That, as much as anything else, disturbed me when reading the novel. I had become aware, by degrees, of sexism in what I'd read and otherwise experienced long before I started my transition. In fact, it was the first thing I disliked about Hemingway's work when I was in high school. But what bothered me then was that the female characters weren't so deftly drawn. In other words, it was more of an aesthetic concern than anything else. Even though I didn't care for much else about Hemingway's writing, I felt that at least it was a world I could enter and experience. That is exactly what I didn't feel when reading "The Alchemist." In fact, I think that for the first time in my life, I felt entirely outside of something I was reading.
Then again, I guess I shouldn't be surprised that I feel as I do about The Alchemist. I suppose that my experiences can and should change the way (and, possibly, what) I read. After all, as my students and I were reading and discussing Ralph Ellison's Invisible Man last week, I couldn't help but to feel I was reading a very different novel from the one with the same name, and by the same author, I'd read more than thirty years ago. It's a very different book, thankfully, from The Alchemist, if for no other reason than Ellison is a much better writer.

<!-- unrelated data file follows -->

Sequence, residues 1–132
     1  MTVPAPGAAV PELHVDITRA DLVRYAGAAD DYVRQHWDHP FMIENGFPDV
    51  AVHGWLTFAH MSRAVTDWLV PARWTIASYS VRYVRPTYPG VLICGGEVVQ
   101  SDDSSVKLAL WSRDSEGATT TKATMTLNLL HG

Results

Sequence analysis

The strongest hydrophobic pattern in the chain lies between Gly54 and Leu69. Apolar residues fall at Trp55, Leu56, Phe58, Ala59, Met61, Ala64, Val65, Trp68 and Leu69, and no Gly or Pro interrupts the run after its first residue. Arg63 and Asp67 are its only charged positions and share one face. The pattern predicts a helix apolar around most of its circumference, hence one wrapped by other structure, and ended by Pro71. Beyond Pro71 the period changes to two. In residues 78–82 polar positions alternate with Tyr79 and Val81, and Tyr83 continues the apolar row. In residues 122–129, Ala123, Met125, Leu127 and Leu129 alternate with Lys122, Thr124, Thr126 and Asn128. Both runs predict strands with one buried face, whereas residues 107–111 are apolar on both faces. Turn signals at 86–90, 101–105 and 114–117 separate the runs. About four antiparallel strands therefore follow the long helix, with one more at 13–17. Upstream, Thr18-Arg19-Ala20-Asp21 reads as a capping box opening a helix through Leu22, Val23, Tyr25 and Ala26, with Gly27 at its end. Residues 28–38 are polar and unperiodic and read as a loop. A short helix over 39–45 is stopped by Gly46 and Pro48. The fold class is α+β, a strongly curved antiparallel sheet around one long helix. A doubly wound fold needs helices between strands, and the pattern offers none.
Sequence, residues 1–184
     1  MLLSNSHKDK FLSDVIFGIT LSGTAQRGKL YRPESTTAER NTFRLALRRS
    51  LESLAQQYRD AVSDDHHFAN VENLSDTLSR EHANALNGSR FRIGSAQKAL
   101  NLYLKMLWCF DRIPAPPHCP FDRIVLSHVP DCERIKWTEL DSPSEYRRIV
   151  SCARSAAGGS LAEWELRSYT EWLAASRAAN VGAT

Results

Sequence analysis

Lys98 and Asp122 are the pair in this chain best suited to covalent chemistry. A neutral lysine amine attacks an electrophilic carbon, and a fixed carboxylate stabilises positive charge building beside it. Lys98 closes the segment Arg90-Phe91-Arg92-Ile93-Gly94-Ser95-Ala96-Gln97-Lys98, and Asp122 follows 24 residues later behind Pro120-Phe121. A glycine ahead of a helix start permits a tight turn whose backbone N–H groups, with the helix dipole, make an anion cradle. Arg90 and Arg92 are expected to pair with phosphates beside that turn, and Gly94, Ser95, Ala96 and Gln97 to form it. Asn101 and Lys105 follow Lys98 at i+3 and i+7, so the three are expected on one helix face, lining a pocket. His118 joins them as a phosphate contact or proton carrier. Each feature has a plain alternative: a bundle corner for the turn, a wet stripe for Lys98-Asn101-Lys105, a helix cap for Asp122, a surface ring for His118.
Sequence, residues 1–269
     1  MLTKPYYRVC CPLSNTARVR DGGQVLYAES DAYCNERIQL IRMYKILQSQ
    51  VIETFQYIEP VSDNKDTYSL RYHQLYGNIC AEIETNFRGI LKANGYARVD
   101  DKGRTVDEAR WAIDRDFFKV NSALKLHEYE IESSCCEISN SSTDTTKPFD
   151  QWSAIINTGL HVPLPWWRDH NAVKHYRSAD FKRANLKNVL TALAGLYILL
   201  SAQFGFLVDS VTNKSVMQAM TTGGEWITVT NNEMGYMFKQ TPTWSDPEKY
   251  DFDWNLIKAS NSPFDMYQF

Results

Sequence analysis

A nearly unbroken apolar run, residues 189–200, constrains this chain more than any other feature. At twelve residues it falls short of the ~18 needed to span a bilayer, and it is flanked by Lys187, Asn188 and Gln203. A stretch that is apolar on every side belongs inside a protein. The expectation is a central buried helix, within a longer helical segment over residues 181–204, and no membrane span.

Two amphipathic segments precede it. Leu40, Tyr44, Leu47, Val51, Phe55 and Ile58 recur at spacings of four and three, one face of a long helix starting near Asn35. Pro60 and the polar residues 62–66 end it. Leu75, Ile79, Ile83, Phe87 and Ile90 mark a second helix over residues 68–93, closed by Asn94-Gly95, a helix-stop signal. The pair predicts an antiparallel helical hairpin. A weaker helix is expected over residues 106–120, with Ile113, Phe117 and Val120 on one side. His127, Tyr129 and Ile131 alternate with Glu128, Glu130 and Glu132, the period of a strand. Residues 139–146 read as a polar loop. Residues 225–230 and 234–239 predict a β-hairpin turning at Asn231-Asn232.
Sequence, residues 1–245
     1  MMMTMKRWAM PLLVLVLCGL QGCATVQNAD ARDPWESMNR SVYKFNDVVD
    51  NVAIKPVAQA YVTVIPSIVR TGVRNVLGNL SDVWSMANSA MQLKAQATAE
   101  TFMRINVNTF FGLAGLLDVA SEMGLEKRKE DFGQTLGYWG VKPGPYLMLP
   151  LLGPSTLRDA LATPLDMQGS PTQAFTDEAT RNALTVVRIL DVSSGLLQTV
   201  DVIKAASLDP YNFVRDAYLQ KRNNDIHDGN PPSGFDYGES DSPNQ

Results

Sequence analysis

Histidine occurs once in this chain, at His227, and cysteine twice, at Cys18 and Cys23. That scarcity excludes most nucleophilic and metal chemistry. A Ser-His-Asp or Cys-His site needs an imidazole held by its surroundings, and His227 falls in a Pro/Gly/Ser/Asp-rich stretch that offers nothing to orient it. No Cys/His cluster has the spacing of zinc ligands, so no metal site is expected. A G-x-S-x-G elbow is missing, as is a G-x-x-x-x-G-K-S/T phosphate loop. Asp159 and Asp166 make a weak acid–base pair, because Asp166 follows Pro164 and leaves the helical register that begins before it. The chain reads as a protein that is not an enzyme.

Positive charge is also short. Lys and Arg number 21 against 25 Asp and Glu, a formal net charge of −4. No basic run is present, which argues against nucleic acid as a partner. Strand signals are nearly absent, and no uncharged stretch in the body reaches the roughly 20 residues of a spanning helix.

I can make such a judgment because while Invisible Man is at least as sexist as The Alchemist, I don't feel the same alienation from the story and its characters that I felt while reading The Alchemist. In addition to his narrative style, Ellison's writing distinguishes itself from his seeming intimacy with the people (the men, anyway) and their motives. I could actually empathise with the narrator/protagonist of the book, even when he seems foolish. That may be because I have experienced treachery and betrayal, not to mention outright violence, from people who were supposed to be "friends" of some "community" to which I (at least in their minds) belong. And, even though the protagonist isn't always what I expect, at least I find his words and reactions plausible in the situations in which he finds himself. Even the misogyny--which, by the way, comes as much from the protagonist as anyone or anything else in the book--seems plausible, if not defensible. That's a lot more than I can say for The Alchemist. And it's the reason why I may read Invisible Man again, but I'll probably leave my copy of The Alchemist for whoever wants to take it.